NEW YORK (AP) — The new Sept. 11 museum at ground zero in New York City opens to the public next Wednesday.
But today, many of those affected most directly by 9/11 were present as the National Sept. 11 Memorial Museum was dedicated by President Barack Obama.
The president called the subterranean space a symbol that says of America: "Nothing can ever break us."
Many in the audience wiped away tears during the dedication, which revisited both the horror and the heroism of Sept. 11, 2001. That was the day 19 al-Qaida hijackers crashed four airliners into the World Trade Center, the Pentagon and a field in Pennsylvania. Nearly 3,000 people died.
The museum's artifacts range from the monumental, like two of the huge fork-shaped columns from the World Trade Center's facade, to the intimate: a wedding ring, a victim's voice mail message.
Some relatives of 9/11 victims found the exhibits both upsetting and inspiring.
Family members also paid their first visits to a repository at the museum that contains unidentified remains from the disaster.
264-a-09-(Patricia Smith, whose mother was a police officer who died on 9/11, in AP interview)-"was once around"-Patricia Smith says she had mixed feelings as she went through the museum. (15 May 2014)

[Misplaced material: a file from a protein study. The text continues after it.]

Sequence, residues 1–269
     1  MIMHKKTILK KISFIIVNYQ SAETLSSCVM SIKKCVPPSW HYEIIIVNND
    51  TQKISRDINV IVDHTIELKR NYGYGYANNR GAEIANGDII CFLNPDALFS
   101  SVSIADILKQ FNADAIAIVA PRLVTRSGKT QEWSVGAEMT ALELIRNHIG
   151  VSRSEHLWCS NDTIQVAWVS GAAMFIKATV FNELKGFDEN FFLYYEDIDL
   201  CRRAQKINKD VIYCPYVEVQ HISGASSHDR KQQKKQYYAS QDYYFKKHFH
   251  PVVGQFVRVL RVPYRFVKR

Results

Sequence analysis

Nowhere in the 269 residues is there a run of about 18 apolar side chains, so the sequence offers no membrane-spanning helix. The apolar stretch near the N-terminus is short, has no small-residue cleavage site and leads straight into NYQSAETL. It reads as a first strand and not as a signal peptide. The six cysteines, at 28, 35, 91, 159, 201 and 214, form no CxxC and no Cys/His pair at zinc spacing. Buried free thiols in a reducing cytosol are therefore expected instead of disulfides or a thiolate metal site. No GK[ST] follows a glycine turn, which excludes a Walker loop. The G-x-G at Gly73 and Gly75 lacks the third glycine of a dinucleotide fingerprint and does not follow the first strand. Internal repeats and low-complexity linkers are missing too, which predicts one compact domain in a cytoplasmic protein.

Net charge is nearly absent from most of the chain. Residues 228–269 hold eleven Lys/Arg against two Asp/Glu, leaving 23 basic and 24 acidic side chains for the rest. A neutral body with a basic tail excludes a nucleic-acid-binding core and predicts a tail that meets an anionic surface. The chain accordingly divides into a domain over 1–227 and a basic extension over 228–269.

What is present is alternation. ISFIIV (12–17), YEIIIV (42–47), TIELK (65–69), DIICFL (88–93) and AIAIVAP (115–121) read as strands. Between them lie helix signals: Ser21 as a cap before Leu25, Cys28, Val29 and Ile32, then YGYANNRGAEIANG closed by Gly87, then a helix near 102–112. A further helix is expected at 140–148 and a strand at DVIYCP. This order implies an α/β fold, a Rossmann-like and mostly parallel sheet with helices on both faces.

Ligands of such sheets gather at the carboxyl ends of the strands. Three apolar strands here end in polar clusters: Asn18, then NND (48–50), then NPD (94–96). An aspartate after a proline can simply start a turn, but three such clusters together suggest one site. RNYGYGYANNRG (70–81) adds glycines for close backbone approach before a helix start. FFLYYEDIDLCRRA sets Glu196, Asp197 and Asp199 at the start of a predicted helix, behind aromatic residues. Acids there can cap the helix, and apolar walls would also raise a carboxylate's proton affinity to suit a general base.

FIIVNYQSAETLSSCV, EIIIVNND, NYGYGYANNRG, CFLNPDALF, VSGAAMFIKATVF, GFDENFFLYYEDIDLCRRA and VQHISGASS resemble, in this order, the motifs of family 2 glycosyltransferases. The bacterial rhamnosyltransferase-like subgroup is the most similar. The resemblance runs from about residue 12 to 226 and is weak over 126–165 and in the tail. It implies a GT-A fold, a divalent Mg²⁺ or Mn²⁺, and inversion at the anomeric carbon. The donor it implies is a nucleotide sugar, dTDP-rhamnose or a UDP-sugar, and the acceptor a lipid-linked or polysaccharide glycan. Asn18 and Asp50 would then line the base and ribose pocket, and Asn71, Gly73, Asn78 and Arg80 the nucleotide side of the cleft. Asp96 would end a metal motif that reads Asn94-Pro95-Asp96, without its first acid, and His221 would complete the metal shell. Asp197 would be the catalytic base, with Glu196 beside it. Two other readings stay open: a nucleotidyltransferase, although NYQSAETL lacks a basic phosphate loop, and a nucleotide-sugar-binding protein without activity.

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267-a-10-(Maureen Fanning, whose husband, a member of the Fire Department died on 9/11, in AP interview)-"all the victims"-Maureen Fanning says she really enjoyed the museum's opening ceremony. (15 May 2014)
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241-w-44-(Warren Levinson, AP correspondent, with Mickey Kross, firefighter who was buried in the World Trade Center rubble)--The national memorial at New York's ground zero has been dedicated, ahead of its opening to the public on May 21st. AP correspondent Warren Levinson was there. ((note length; opens with sound; produced version of cut 225)) (15 May 2014)
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APPHOTO NYFF105: Patrons visit the pools at The 9/11 Memorial near the World Trade Center which opened to the public Thursday, May 15, 2014, in New York. President Barack Obama praised the new Sept. 11 museum on Thursday as "a sacred place of healing and of hope" that captures both the story and the spirit of heroism that followed the attacks. (AP Photo) (15 May 2014)
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